When you want to convince people that Julia is the best language for some task, some are easily swayed by the beautiful syntax, rank polymorphism, and flirtations with functional programming. In all honesty, those people need little convincing. Others want to see hard numbers!

Here's a very small demo that shows how Julia can outperform any traditional language: computing polynomials.

Suppose we have a function described by

where we have the coefficients stored in some dense vector.

```
struct Polynomial{T}
c::Vector{T}
end
```

We can evaluate this function as follows:

```
function (f::Polynomial{T})(x::T) where T<:Number
result = f.c[1]
xpow = x
for c in f.c[2:end-1]
result += xpow * c
xpow *= x
end
result + xpow * f.c[end]
end
```

This is very much how you would implement such a function in most other languages. In Julia however, we can do something much nicer: generate a function.

```
function expand(f::Polynomial{T}) where T<:Number
:(function (x::$T)
r = $(f.c[1])
xp = x
$((:(r += xp*$c; xp*=x) for c in f.c[2:end-1])...)
r + xp * $(f.c[end])
end)
end
```

Now, when we `expand(f)`

, say we have `f = Polynomial(1.0, 0.5, 0.333, 0.25)`

the generated function will look as follows:

```
:(function (x::Float64,)
r = 1.0
xp = x
begin
r += xp * 0.5
xp *= x
end
begin
r += xp * 0.333
xp *= x
end
r + xp * 0.25
end)
```

To run this, we say `f_unroll = eval(expand(f))`

. Not only does this run much faster than our previous loopy implementation, it even outperforms C++ (GCC at `-O3`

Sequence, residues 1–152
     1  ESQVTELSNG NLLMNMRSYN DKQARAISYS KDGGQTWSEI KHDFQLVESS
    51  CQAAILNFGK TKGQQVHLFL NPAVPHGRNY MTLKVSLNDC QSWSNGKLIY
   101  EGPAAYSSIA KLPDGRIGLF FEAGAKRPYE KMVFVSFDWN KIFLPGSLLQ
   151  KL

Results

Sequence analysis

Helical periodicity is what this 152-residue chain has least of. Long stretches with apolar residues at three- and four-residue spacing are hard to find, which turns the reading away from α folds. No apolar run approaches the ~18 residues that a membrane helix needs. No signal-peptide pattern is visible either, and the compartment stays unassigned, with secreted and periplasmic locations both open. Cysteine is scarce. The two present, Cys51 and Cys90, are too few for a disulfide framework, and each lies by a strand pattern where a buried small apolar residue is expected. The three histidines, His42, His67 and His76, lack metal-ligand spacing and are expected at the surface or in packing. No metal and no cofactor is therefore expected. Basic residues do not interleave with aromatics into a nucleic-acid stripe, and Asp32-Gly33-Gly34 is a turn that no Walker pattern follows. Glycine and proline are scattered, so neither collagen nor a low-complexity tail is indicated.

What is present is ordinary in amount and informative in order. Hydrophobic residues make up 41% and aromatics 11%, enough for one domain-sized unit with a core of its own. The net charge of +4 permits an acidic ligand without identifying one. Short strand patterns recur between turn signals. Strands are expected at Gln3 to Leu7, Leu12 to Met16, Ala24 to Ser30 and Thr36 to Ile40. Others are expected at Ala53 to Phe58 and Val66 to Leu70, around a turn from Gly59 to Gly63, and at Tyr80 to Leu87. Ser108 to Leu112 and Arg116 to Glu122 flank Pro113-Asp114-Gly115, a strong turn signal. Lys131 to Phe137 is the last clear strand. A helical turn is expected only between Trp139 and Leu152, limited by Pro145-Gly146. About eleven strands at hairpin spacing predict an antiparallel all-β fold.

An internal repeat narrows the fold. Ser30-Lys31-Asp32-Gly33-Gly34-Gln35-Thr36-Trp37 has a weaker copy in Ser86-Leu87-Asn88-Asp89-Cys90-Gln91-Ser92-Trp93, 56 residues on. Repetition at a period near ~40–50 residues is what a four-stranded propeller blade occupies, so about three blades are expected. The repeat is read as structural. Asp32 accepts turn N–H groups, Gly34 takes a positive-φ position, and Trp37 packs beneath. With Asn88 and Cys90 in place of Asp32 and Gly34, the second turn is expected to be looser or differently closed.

) by more than a factor of two (depending on your machine). The reason is that we have no loop in our generated code, and more importantly, we are not accessing any memory. We have done something that a C++ programmer wouldn't dream of doing: write a code generator, compile the specialised code, and fly to the moon!

A completely literate and Documentered implementation of this demo can be found here.

Edit: Thanks to Nicos Pitsianis for point out to me that there is a more efficient method called Horner's method. This method applies to both Julia and C++ implementations, reducing the amount of multiplications needed. Using this method reduces the difference between Julia and C++ a little bit, but increasing the order of the polynomial grows it back again.

## Top comments (4)

Shouldn't it be faster if you used Horner's rule to evaluate the polynomial? It would require a single multiplication (instead of two) and a single addition per coefficient.

The unrolled code will also be shorter.

Thanks for the tip! I'll add this to the code.

Note that Julia

`Base`

has a function for evaluating a polynomial given by coefficients:`Base.Math.evalpoly`

:docs.julialang.org/en/v1/base/math...

On the other hand, when you're willing to preprocess the polynomial (prior to evaluating it lots of times), techniques that may be faster than

`evalpoly`

are possible.Very interesting. Also something that most are unaware of. i.e literate programming. π